To be frankly honest on Super Rugby form Phipps would have been my 4th pick halfback at best this year.

            White deserves a chance to start at 9 with Toomua at 10 and Giteau (or CLL) at 12… or Cooper at 10 and Toomua at 12 (if Giteau is rested).

            I think CLL deserves a chance at 12 off the bench at the very least but this seems unlikely for some reason which I can only put down to Cheika playing favourites with Beale but I continue to be happily surprised by Cheika’s changing selection policy and I really do hope CLL gets a chance to prove himself as everyone else has.

            In any event – Go Wallabies!

            We need this…

    • Roar Pro

      August 11th 2015 @ 5:01am
      KTinHK said | August 11th 2015 @ 5:01am | ! Report

      Good article Brett. Toomua or Lealifana should be the fly half. Inside centre should be Kerevi.

      • Columnist

        August 11th 2015 @ 10:07am
        Brett McKay said | August 11th 2015 @ 10:07am | ! Report

        Well Lealiifano is in Japan playing for a Robbie Deans-coached World XV this weekend, so that’s not going to happen. And nor will Kerevi be picked, with no lead-in matches..

    • Roar Guru

      August 11th 2015 @ 5:15am
      Harry Jones said | August 11th 2015 @ 5:15am | ! Report

      Excellent essay, B-McK.

      Australia isn’t missing many tackles this year, and the ones they are missing are being saved by fly-around scramble tackle-demons. That’s the upside of having opensides (plural) on the field. They love to tackle and are usually the fittest of players.

      Also, the Wallabies are showing good discipline, conceding fewer penalties (less than 10 a game) than last year, by a fair margin.

      They’ve left 21 points in missed goals on the field, too. That can be improved on. Kicking in general needs to improve; and then the WBs will be tough to knock out of the RWC.

      OZ kicked 18.6 times per match; the highest in TRC, but if they improved on 3-4 of those a match, they would’ve won even easier.

      • August 11th 2015 @ 5:49am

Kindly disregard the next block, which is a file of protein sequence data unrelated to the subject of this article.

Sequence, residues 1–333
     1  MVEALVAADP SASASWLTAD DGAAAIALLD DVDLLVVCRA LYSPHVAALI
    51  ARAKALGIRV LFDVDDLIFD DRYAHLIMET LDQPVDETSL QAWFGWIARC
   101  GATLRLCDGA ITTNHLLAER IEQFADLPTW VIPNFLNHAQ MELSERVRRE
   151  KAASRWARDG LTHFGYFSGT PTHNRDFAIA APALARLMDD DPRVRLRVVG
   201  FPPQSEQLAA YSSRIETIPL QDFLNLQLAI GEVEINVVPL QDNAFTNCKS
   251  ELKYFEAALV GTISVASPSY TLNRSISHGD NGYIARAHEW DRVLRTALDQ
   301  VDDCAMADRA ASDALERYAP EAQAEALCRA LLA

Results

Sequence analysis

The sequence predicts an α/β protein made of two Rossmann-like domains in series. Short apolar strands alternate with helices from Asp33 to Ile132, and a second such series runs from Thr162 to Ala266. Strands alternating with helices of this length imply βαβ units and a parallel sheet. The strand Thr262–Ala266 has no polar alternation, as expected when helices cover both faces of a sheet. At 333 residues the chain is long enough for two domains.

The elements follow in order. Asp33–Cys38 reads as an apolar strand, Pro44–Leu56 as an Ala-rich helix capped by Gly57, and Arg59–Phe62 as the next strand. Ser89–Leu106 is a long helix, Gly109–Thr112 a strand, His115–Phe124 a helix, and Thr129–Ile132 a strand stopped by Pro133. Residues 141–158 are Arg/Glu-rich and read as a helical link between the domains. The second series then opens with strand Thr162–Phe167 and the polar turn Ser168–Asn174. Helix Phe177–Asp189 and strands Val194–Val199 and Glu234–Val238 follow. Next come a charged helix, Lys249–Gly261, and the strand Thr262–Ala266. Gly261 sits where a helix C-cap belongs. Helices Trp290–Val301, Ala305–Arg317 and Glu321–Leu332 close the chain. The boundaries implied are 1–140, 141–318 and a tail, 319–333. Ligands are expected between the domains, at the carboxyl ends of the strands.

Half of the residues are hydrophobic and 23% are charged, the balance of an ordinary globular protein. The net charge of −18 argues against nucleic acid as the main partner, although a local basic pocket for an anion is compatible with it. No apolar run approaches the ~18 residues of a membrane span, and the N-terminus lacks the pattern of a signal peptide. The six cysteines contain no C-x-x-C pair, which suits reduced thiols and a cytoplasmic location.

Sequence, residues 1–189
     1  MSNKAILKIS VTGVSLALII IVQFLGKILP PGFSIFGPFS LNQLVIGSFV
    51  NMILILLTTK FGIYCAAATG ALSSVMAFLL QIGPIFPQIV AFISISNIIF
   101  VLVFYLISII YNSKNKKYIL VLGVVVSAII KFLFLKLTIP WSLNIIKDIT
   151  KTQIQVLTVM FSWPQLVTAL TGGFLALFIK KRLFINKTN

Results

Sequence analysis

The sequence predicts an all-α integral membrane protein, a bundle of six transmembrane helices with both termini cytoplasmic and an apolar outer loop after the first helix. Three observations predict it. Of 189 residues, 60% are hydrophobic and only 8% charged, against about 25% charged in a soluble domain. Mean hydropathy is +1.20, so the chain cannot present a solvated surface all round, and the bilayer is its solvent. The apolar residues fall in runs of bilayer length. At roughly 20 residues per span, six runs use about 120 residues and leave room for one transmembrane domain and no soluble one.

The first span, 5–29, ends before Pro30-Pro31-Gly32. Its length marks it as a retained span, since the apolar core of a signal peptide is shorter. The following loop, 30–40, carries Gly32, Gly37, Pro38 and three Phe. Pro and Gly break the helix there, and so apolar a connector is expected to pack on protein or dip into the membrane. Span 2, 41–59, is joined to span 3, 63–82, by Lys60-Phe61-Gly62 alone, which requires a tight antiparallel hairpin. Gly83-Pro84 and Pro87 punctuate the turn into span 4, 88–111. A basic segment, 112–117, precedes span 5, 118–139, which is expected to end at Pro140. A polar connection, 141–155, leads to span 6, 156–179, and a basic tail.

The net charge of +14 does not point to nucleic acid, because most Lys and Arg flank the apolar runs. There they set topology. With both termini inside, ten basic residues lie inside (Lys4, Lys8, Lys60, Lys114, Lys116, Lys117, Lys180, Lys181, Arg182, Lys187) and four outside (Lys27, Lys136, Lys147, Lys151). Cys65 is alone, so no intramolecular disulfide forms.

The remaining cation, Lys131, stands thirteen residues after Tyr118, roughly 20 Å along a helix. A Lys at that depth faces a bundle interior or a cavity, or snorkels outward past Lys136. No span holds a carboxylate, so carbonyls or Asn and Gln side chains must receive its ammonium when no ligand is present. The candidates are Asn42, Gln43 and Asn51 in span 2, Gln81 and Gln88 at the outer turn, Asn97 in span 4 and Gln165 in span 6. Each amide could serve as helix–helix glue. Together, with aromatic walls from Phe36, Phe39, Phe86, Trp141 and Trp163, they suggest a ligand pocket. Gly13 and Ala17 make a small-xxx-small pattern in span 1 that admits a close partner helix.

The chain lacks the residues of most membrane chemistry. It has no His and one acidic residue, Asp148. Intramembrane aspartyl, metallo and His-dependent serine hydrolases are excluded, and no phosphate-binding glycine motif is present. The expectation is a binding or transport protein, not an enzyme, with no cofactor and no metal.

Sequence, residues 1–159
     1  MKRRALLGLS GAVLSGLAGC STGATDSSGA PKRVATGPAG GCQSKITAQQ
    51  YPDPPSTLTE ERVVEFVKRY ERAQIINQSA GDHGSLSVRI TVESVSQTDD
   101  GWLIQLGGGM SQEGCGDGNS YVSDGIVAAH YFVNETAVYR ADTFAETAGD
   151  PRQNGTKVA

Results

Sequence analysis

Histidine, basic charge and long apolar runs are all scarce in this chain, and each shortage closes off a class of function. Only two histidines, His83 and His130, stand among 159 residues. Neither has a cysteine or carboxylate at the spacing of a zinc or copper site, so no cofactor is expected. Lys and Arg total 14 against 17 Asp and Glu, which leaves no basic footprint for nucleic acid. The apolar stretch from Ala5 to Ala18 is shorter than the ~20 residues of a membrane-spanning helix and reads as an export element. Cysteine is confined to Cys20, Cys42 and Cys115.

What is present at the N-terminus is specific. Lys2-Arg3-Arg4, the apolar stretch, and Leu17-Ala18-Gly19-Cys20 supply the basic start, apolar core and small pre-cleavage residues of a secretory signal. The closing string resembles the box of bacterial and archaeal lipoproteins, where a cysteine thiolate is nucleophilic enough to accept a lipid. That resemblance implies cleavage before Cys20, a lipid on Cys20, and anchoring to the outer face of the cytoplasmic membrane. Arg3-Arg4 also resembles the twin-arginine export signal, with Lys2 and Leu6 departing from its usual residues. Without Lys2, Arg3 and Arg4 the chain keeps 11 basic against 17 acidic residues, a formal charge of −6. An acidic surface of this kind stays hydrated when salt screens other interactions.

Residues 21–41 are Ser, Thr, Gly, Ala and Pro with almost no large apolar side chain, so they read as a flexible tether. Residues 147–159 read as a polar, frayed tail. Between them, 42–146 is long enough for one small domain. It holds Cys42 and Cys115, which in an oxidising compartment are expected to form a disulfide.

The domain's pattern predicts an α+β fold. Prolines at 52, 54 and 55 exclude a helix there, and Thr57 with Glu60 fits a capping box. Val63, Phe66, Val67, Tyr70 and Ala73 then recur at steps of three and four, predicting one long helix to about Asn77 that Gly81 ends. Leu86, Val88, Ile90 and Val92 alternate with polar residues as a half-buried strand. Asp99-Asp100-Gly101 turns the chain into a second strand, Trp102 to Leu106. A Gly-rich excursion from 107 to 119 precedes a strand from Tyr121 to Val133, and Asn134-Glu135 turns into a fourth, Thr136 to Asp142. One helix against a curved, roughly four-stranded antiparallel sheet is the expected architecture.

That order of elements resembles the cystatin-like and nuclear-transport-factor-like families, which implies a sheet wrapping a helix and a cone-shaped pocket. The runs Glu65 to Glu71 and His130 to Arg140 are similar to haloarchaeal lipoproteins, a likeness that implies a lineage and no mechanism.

Jerry said | August 11th 2015 @ 5:49am | ! Report

        I’m not sure they’ve got much chance of improvement in the goal kicking area. The NZ & Aus kickers are all much of a muchness – somewhere in the 70-80% range.

        • Roar Guru

          August 11th 2015 @ 6:17am
          Harry Jones said | August 11th 2015 @ 6:17am | ! Report

          It’s so “golf swing.” Mechanical fix.

    • August 11th 2015 @ 6:19am
      Connor33 said | August 11th 2015 @ 6:19am | ! Report

      Interesting stats, Harry. No doubt that whoever is the kicker will be practicing like there is no tomorrow this week — and over the next month before the WC. I think White’s stocks have just risen as a closing kicker with hitting two 48 m kicks from two Bled. games.

      Having White on the field may be more a proactive measure to having cleaner ball at the ruck because teams may be less hesitant to infringe knowing he can hit them from 50 plus.

      CLL also must come back into the frame if Foley can’t rediscover his Eoyt kicking percentage. CLL could cover 10-15 at a pinch. Toomua to 10. Gits at 12.

      This was Phipps’s worst game but Smith’s game was not much better. Phipps should be given another go, with White on the bench to come on around the 45 minute mark.

      • August 11th 2015 @ 6:33am
        Redsback said | August 11th 2015 @ 6:33am | ! Report

        Even at his best, Foley’s range is too small. That taken together with the fact that his general kicking is also too small, his goal kicking has now become woeful and that he has had a generally poor season for the Wallabies and I think there is no place for him in the 23.

        • Roar Guru

          August 11th 2015 @ 11:18am
          niwdEyaJ said | August 11th 2015 @ 11:18am | ! Report

          No place in the 31 either…. the x4 10’s/12’s that should be taken to England are: Cooper, Giteau, Toomua and CLL…. all can play both positions albeit Cooper isn’t a great 12…

          • August 11th 2015 @ 2:06pm
            ethan said | August 11th 2015 @ 2:06pm | ! Report

            Cooper should not be considered a 12 with the other options we have. But I agree on the 4.

          • August 11th 2015 @ 6:01pm
            Daveski said | August 11th 2015 @ 6:01pm | ! Report

            No way he won’t be in the 31. I doubt we’ll see CLL or Cooper there.

            • Roar Guru

              August 11th 2015 @ 6:36pm
              niwdEyaJ said | August 11th 2015 @ 6:36pm | ! Report

              It would have to be complete Cheika favoritism if Foley made it ahead of Cooper or CLL… he’s been by far the worst performer of the three and his upside doesn’t justify inclusion…

      • August 11th 2015 @ 2:12pm
        Phil said | August 11th 2015 @ 2:12pm | ! Report

        Agree with you Connor about Smith’s game also being poor.Can anyone tell me why Smith hasn’t copped a suspension for the high tackle on AAC?Looked pretty ordinary to me.

        • Roar Guru

          August 11th 2015 @ 4:31pm
          ClarkeG said | August 11th 2015 @ 4:31pm | ! Report

          I counted 5 glaring errors by Aaron Smith, including that dangerous tackle, and for those reasons he does not play in my team next week. Perenara to start with Kerr-Barlow on the bench.

          The selectors need to send a message to Smith that such stupidity and such basic errors will not be tolerated.

    , , , ,